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Baran, Paul Baran, Paul (born 1926)

Paul Baran was born in Poland in 1926. He moved to the United States with his family in 1928. After gaining a degree in electric engineering from Drexel University he became a technician at the Eckert-Mauchly Computer Corporation.

In 1959, during the Cold War, Baran joined the RAND Institute as a researcher. The institute was working on ways to communicate in the event of a nuclear attack. Baran suggested designing a robust communications network using 'redundancy' and 'digital' technology.

The concept of information being passed through a network of computers as packets developed by Baran, was influential in the development of APRANET, which was a predecessor to the internet. A team member of APRA (Advanced Research Projects Agency), Larry Roberts, was interested in Baran’s ideas for a robust network and adopted his network ad packets of information scheme. As a result Baran became a consultant on the APRANET project.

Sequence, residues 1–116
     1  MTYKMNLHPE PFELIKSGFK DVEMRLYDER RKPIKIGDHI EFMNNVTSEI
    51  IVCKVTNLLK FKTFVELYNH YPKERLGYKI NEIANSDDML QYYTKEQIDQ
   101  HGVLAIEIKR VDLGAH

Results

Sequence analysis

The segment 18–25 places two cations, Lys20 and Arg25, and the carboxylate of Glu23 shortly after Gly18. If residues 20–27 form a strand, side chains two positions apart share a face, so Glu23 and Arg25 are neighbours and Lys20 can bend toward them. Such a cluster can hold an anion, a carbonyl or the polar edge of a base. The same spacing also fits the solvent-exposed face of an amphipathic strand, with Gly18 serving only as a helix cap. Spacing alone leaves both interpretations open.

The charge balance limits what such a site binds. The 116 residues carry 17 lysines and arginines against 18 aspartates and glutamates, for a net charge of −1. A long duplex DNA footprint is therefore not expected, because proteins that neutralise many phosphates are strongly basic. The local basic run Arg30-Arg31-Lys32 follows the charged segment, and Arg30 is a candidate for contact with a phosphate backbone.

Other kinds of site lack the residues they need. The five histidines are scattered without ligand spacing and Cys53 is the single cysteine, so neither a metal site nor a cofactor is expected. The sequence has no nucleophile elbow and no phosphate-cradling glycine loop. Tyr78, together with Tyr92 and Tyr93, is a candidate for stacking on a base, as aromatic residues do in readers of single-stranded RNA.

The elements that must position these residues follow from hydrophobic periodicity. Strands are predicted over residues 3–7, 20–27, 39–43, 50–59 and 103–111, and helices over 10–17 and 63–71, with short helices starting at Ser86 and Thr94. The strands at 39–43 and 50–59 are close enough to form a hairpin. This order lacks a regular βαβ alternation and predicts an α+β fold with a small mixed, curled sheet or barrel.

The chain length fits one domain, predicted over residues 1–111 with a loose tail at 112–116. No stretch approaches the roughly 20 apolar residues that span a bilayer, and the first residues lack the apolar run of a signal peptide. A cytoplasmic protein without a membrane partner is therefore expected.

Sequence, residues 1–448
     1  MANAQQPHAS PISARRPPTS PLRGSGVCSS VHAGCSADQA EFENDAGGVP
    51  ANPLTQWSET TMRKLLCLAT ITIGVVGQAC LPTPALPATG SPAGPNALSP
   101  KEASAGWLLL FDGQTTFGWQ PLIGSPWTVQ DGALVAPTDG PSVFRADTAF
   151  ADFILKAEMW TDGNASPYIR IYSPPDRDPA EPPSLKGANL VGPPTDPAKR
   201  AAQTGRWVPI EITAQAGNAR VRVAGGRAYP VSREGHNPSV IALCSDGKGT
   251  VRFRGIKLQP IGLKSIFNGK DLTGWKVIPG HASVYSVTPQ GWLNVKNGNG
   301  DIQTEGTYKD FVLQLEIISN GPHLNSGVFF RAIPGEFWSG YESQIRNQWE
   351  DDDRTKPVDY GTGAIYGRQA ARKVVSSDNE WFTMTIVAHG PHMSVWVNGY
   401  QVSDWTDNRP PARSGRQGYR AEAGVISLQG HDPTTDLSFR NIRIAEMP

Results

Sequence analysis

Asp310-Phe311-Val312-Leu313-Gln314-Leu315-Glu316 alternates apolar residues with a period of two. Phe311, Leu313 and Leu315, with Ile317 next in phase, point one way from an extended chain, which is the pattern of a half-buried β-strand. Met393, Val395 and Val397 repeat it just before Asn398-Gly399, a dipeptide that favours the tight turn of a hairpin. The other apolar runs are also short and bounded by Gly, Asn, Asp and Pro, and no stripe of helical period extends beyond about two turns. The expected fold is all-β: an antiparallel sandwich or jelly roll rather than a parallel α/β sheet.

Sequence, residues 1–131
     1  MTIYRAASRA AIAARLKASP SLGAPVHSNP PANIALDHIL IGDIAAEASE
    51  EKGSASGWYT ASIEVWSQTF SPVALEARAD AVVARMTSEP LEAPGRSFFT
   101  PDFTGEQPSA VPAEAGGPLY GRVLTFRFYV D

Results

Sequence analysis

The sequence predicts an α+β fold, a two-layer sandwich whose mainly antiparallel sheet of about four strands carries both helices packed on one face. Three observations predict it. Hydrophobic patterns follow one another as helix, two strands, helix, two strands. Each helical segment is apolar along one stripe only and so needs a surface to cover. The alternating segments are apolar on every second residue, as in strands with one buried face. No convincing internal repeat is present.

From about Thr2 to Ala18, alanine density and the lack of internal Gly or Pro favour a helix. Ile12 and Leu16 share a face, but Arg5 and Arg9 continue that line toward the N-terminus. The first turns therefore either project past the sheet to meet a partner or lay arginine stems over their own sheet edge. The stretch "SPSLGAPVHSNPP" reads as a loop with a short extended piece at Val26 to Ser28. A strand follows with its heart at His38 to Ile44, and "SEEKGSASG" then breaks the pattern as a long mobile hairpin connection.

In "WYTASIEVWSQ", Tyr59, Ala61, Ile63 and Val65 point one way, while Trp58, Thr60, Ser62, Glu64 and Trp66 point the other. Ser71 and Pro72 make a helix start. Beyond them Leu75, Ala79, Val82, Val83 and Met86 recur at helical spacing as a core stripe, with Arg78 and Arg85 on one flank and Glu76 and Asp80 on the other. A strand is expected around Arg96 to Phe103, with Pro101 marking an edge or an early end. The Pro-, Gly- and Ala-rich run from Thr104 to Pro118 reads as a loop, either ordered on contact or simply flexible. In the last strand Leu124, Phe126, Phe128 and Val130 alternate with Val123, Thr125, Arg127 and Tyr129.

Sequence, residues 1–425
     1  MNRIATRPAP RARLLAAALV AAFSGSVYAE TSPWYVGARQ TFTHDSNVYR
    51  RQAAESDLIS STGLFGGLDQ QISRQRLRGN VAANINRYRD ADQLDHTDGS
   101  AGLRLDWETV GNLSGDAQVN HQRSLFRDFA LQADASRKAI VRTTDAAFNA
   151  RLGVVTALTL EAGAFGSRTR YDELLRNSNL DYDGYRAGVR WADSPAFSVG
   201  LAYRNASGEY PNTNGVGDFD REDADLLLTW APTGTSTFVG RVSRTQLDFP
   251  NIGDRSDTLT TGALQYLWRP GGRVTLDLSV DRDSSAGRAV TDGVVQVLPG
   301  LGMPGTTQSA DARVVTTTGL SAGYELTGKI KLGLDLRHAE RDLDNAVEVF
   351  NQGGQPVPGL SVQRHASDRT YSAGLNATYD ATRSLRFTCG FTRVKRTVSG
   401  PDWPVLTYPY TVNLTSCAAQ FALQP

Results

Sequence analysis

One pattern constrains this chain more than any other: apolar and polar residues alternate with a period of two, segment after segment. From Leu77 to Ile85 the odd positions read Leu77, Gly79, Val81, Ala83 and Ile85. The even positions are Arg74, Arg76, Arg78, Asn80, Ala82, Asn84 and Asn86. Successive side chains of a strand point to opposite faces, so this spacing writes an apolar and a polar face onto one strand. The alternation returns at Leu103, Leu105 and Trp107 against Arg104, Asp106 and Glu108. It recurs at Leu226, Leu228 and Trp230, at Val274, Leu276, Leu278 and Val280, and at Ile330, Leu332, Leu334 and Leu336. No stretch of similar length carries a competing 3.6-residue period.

fun and games

Can you beat our games? Explode equipment to see what's inside, hear the changing sounds of telecommunications, see how telecommunications designs have changed over time or send an e-postacard.

what's on

The UK's first permanent gallery dedicated to the history of information and communication technologies opens in the new Information Age gallery at London’s Science Museum.

audio history

Take a trip down memory lane with extracts of the interviews which have been recorded as part of the Connected Earth oral history programme.

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